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Saint John Baptist de la Salle

Saint John Baptist de la Salle
  • Century: 17th & 18th Century
  • Patronage: Teachers, Educators, Principals
  • Feast Day: April 7th

St. John Baptist de la Salle was born to a wealthy family in Rheims, France, on April 30, 1651.  He was the eldest child of Louis and Nicolle.  La Salle was named canon of Rheims Cathedral when he was fifteen. He was sent to the College des Bons Enfants, where he pursued the higher studies, and took his Masters degree there.  He was sent to Paris to enter the Seminary of Saint-Sulpice, in October 1670.  His mother died in July 1671, and in April 1672 his father died.  This caused him to have to leave the Seminary, since he was not yet twenty-one, and as the head of the household he had the responsibility of his four brothers and two sisters.  He did not complete his theological studies and become ordained until the age of 26, in April 1678.  Two years later he received a Doctorate in Theology.  

He became involved in education little by little without ever consciously setting out to do so.  The Sisters of the Child Jesus was a new order, whose work was to care and educate poor girls.  The young priest had helped them in becoming established, and then served as their chaplain and confessor.  It was through his work with the sisters that in 1679, he met Adrian Nyel.  What began as a charitable effort to help Adrian establish a school for the poor became his life’s work.  The teachers in Reims were struggling, lacking leadership, so he did all he could to help this small group of men with their work.  He invited them to take their meals in his home, as much to teach them table manners, as to instruct them.  Eventually he had to bring the teachers into his own home to live with him, which scandalized those of social class around him – that he would live with teachers of the “poor”.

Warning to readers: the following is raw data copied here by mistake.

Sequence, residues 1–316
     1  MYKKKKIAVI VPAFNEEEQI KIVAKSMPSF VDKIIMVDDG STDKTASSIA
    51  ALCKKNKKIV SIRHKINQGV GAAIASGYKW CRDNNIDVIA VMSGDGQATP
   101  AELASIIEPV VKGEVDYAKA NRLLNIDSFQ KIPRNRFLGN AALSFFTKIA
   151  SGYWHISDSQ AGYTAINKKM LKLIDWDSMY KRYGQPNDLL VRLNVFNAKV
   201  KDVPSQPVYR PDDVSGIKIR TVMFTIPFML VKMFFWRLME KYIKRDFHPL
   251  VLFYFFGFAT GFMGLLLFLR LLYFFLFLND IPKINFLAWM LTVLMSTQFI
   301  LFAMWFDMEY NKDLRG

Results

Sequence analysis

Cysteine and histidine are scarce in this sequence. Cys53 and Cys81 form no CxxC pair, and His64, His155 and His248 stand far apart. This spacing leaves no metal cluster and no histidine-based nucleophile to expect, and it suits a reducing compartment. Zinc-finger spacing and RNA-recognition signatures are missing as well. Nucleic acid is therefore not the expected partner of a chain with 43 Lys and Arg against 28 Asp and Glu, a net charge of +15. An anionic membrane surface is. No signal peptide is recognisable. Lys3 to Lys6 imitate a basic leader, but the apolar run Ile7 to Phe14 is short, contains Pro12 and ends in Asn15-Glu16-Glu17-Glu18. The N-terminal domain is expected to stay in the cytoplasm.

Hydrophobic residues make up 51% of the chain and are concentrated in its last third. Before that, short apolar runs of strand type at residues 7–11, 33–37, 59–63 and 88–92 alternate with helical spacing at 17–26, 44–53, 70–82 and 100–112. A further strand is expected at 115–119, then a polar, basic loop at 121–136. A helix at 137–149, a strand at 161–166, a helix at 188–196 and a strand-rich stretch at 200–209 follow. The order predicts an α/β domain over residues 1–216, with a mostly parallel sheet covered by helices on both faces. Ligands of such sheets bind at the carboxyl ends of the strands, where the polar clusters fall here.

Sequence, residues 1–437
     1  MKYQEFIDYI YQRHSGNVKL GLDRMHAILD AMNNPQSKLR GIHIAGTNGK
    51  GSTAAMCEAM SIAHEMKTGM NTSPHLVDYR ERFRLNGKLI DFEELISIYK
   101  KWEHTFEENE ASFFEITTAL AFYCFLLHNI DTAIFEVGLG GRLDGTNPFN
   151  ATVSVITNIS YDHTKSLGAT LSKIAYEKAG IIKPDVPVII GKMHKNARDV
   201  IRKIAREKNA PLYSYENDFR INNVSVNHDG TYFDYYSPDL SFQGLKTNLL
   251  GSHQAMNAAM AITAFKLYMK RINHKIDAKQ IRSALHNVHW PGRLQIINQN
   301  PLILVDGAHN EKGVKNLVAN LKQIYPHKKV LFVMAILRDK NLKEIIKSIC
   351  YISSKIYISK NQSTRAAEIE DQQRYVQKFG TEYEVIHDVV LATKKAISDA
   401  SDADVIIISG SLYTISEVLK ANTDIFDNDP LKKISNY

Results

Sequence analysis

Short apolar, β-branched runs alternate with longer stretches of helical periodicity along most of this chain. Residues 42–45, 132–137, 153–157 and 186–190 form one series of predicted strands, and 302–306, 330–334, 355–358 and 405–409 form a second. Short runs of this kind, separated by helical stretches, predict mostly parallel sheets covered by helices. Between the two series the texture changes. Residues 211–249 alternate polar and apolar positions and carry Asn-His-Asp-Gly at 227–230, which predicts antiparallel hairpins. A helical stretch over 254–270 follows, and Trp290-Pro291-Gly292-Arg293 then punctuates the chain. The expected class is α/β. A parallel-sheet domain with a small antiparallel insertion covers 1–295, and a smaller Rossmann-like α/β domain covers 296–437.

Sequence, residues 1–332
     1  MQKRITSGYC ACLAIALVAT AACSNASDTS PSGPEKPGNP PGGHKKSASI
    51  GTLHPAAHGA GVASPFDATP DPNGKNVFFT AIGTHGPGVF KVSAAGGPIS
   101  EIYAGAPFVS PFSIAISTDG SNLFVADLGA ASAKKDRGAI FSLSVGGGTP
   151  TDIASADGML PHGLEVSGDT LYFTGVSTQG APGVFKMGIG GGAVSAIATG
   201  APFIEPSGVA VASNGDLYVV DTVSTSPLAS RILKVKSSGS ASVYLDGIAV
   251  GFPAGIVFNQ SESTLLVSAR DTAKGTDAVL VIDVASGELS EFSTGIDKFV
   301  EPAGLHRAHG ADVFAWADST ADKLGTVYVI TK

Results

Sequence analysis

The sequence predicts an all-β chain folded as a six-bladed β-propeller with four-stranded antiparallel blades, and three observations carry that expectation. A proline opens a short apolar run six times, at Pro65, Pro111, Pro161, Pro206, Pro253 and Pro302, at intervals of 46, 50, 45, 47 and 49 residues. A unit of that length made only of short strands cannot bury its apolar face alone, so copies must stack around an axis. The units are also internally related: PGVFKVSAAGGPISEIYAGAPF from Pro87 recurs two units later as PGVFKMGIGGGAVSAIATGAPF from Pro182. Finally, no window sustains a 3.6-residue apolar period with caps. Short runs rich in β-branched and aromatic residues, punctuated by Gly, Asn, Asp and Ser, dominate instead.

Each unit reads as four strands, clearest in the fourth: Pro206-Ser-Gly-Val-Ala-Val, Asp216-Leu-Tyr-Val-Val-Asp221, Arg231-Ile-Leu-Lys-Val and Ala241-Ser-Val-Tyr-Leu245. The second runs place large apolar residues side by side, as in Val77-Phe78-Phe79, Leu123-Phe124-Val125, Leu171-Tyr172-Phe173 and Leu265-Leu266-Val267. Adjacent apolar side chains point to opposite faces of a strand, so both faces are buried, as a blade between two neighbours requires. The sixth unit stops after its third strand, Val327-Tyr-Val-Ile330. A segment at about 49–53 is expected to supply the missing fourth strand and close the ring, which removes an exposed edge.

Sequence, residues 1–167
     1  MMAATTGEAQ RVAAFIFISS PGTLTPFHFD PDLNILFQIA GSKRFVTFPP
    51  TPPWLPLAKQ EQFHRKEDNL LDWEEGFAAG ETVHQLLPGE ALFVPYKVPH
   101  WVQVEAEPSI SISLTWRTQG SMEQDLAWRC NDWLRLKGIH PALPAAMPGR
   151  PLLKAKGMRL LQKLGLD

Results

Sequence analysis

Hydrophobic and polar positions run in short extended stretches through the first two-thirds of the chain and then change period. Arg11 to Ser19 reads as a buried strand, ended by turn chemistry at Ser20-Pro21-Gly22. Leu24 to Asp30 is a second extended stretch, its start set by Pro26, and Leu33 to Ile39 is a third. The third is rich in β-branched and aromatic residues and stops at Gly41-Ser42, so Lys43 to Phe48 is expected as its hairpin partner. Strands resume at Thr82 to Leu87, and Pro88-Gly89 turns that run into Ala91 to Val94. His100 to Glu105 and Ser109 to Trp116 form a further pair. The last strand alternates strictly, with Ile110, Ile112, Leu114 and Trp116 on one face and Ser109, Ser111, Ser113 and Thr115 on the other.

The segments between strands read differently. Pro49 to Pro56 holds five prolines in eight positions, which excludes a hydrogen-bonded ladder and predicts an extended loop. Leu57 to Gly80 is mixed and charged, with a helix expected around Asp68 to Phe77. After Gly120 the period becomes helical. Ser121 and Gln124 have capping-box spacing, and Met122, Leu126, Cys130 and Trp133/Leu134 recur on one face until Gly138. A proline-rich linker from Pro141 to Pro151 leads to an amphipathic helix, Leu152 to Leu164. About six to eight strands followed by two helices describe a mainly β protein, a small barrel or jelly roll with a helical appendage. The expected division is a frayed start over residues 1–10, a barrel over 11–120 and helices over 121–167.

He began a new Religious Institute, the Institute of the Brothers of the Christian Schools, also known as the De Las Salle Brothers.  They grew to the UK, Ireland, Malta, Australia, Asia, and the United States.  One thing led to another until he found himself doing something that he had never anticipated doing.  Society’s standards between the rich and the poor divided the times he lived.  St. John believed that education gave “hope” and the opportunity for people to lead better lives, and do better than the generation before them.  Most of the children had little hope for their future.  Moved by the plight of the poor, he was determined to put his own talents and advanced education at the service of the children.  

Worn out by austerities and exhausting labors, St. John Baptist de la Salle died at Saint Yon near Rouen, early on Good Friday, 1719.  This was just three weeks before his 68th birthday.  His work quickly spread through France and after his death, continued to spread across the globe.  Pope Leo XIII canonized him in May 1900.  His feast is celebrated on April 7th, and he is the patron saint of teachers.  Currently there are about 6,000 Brothers and 75,000 lay and religious colleagues worldwide, who serve as teachers, counselors, and guides to 900,000 students in over 1,000 educational institutions in 84 countries.

Practical Take Away 

St. John Baptist de la Salle was born in Rheims, France to a noble family.  He was well versed in manners and became highly educated.  He lost his parents at an early age, and had to leave the seminary to take care of his siblings.  After they grew, he was ordained.  He began a new Religious Institute, the Institute of the Brothers of the Christian Schools, also known as the De Las Salle Brothers.  They grew to the UK, Ireland, Malta, Australia, Asia, and the United States.  He gave all he had to open schools for the poor, so he could give hope to the children who would otherwise not have it.  His work in opening schools for the poor was simply miraculous for his time.